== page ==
Unsupported titles/Full stop

Character . U+002E (.)
Name FULL STOP
Block Basic Latin
- [U+002D] [U+002F] /

Contents

TranslingualEdit

Punctuation markEdit

.

  1. Indicates the end of a sentence.
  2. End of abbreviation.
    etc. — “et cetera”
    Mr J. Smith
  3. Separates a number or letter from an item in a list.
    A. New York, B. London, C. Paris.
    a. New York, c. London, c. Paris.
    1. New York, 2. London, 3. Paris.
    I. New York, II. London, III. Paris.
  4. Used between words, indicates paused, serious speech.
    I. Don't. Wanna. Hear.
  5. Some uses associated with numbers.
    1. (obsolete) Used after numbers, either representing a cardinal or ordinal numeral
      100.
    2. Indicates ordinal numerals
      4., III.
  6. (IPA) Indicates a syllable break.
  7. Used in numbered section/subsection titles, separates the sections and subsections.
    10.1.4.6 How to make a profit
    10.1.4.7 How to keep your profit
  8. Used in numbered images, illustrations, maps, graphs, etc.
    Map 1.4 Distribution of tigers in Africa
    Map 1.5 Distribution of elephants in Africa
  9. Used repeatedly (as in: ........) in the index of a book, separates the chapter name from the page number.
    Introduction..................................13
    Chapter 1.....................................14
    Chapter 2.....................................19

QuotationsEdit

For usage examples of this term, see Citations:Unsupported titles/Full stop.

Usage notesEdit

In English, the symbol . has various names, used in different contexts:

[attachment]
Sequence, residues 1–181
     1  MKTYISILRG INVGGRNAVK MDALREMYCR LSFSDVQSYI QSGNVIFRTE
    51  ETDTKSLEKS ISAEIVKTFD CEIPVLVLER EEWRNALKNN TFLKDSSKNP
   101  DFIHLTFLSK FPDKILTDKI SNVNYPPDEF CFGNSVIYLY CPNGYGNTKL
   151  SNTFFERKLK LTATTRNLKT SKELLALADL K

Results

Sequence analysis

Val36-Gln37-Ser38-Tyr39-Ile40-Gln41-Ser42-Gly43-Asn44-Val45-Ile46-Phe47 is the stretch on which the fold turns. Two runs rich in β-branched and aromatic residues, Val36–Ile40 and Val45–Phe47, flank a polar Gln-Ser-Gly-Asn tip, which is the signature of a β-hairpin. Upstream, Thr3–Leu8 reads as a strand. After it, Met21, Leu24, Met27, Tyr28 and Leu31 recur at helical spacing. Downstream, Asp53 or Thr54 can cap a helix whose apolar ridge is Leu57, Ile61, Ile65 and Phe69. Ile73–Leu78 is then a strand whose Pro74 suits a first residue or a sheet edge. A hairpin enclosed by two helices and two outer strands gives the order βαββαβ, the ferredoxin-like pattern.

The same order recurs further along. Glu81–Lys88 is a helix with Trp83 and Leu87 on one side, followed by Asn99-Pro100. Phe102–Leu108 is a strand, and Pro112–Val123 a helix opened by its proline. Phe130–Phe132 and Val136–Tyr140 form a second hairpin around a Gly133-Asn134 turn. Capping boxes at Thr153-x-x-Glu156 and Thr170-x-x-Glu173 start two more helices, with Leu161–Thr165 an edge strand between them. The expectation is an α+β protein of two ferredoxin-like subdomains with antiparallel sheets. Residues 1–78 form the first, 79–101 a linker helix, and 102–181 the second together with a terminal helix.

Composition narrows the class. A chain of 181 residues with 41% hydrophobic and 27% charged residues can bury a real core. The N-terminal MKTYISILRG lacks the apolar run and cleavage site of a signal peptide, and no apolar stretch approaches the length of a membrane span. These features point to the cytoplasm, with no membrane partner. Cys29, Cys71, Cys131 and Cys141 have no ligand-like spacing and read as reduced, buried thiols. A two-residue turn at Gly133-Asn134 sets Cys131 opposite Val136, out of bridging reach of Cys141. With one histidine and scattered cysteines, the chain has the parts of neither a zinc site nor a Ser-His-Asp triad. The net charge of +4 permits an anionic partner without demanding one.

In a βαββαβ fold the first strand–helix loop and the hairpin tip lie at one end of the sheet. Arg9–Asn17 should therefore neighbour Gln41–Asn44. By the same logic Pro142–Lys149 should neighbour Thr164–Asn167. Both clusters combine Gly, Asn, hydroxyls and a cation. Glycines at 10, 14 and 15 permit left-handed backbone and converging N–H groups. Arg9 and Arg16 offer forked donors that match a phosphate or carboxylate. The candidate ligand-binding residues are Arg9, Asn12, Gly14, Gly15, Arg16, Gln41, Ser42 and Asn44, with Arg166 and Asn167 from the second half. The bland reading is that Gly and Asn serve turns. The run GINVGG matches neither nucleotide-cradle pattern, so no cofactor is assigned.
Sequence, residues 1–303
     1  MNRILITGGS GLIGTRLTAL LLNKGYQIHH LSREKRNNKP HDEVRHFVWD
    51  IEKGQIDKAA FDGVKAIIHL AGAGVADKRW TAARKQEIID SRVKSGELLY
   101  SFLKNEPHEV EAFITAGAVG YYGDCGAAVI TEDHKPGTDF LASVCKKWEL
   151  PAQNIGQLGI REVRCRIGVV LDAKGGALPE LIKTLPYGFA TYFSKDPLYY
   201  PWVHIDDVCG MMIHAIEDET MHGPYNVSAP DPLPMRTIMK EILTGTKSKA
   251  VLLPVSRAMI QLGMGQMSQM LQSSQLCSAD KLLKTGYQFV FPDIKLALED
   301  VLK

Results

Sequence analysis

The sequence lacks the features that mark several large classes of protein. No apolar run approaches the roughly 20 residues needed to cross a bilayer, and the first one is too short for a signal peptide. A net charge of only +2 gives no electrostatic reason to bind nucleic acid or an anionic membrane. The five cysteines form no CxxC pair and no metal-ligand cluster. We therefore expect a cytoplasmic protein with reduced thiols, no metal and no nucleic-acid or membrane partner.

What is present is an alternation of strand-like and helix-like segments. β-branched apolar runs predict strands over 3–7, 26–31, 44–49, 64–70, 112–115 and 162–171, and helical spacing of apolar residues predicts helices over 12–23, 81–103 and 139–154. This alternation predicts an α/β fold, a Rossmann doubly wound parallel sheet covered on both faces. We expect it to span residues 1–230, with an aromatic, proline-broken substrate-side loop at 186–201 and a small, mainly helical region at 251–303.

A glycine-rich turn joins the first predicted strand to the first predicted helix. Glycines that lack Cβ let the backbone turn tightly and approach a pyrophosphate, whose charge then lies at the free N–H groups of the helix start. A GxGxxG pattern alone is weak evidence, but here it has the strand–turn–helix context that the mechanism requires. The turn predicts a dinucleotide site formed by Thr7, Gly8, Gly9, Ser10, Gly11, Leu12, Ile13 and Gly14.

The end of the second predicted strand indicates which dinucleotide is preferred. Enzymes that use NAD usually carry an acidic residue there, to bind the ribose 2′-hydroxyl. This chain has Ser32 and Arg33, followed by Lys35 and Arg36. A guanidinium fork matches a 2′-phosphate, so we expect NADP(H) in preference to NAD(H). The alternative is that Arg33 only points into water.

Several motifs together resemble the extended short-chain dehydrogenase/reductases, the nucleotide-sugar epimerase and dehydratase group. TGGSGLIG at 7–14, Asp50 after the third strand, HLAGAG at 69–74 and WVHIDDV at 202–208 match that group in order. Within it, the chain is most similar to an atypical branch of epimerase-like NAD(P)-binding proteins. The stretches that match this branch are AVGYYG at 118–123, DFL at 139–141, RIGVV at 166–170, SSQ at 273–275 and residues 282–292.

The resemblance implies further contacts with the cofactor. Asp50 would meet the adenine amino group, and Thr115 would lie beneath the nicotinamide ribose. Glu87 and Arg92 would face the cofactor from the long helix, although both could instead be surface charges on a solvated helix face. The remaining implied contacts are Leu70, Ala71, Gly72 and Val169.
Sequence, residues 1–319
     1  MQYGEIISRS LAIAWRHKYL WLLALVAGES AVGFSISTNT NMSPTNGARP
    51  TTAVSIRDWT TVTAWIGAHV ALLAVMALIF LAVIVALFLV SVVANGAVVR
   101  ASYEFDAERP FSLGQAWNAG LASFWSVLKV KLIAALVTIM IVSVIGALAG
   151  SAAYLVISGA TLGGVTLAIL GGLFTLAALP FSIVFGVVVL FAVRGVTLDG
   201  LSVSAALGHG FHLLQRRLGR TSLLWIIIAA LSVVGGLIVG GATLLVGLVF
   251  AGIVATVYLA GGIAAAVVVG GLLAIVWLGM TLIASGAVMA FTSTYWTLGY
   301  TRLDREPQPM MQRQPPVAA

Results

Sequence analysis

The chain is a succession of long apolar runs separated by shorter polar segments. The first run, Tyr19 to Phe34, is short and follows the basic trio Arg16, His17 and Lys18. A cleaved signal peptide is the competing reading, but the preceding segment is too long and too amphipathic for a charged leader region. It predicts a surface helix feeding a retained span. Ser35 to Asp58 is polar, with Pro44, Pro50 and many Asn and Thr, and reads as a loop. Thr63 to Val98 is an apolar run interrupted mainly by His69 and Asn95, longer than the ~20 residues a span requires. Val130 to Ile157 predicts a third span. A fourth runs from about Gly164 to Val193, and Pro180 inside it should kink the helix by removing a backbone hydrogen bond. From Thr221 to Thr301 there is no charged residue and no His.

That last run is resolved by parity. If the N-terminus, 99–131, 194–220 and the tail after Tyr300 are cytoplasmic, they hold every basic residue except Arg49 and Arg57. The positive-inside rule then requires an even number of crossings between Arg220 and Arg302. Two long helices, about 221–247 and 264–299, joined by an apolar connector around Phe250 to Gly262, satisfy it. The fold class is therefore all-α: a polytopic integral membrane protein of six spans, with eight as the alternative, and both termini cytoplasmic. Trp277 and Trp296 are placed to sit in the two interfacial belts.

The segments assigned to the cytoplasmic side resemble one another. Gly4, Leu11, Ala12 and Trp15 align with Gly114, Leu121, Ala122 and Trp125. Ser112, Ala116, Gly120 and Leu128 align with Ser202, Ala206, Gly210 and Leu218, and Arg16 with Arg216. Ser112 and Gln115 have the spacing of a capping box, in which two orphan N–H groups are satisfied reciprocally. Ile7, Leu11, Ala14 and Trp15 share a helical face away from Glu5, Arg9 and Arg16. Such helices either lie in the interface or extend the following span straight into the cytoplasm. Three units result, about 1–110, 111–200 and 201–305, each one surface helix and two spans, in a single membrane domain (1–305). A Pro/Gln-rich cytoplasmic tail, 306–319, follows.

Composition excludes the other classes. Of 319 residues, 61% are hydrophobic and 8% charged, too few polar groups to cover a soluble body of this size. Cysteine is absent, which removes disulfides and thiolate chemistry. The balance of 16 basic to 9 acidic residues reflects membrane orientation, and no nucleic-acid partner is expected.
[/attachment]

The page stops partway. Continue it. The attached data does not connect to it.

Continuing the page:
• To signify the end of a sentence: period or full stop
    • My name is John. - My name is John period (US) or My name is John full stop (UK)
  • For use as a decimal separator: point
    • 3.45 - three point four five
  • For use of a thousand separator: - (not pronounced)
    • There are 1.000 species left. - There are one thousand species left
  • In names in computing contexts (file-names, domain-names, and so on): dot
    • john.smith@example.com - john dot smith at example dot com

Derived termsEdit

  • (small form variant)

SymbolEdit

.

  1. A separator used with numbers.
    1. In some counting systems, the decimal separator.
    2. In some counting systems, the thousands separator.
  2. (programming, computing, networking)
    1. Used as a space in e-mails.
      My email address is jon.smith@example.com.
    2. In various programming languages, the structure access operator.
      point.x — “the ‘x’ property of the ‘point’ variable”
    3. In various programming languages, the string concatenation operator.
      echo 'I am currently ' . myAge(1981) . ' old.';
    4. In various operating systems, the current directory.
      ls . — “list the contents of the current directory”
    5. The class selector in CSS, which intends to format a class of an element. (a class can appear freely one or more times in a page, as opposed to the ID selector: #).
      div.quotedtext {font-style: italic}
    6. A delimiter.
      1. Separates a file name from its extension.
        document.txt — “the file with the base name ‘document’ and the extension ‘txt’”
      2. Separates the parts of the domain name of a website (including the subdomain and the top-level domain).
        en.wiktionary.org — “the Internet domain name with components ‘en’, ‘wiktionary’, and ‘org’”
      3. Separates the parts of an IP address (IPv4).
        127.0.0.1 = localhost
  3. In Morse code, the shorter of two marks (the dot).

QuotationsEdit

For usage examples of this term, see Citations:Unsupported titles/Full stop.

SynonymsEdit

  • (decimal separator): , (in some counting systems)
  • (thousand separator): , (in some counting systems)

See alsoEdit

Punctuation


LojbanEdit

LetterEdit

.

  1. One of the letters of the Lojban alphabet, called denpa bu and indicating a pause or glottal stop.
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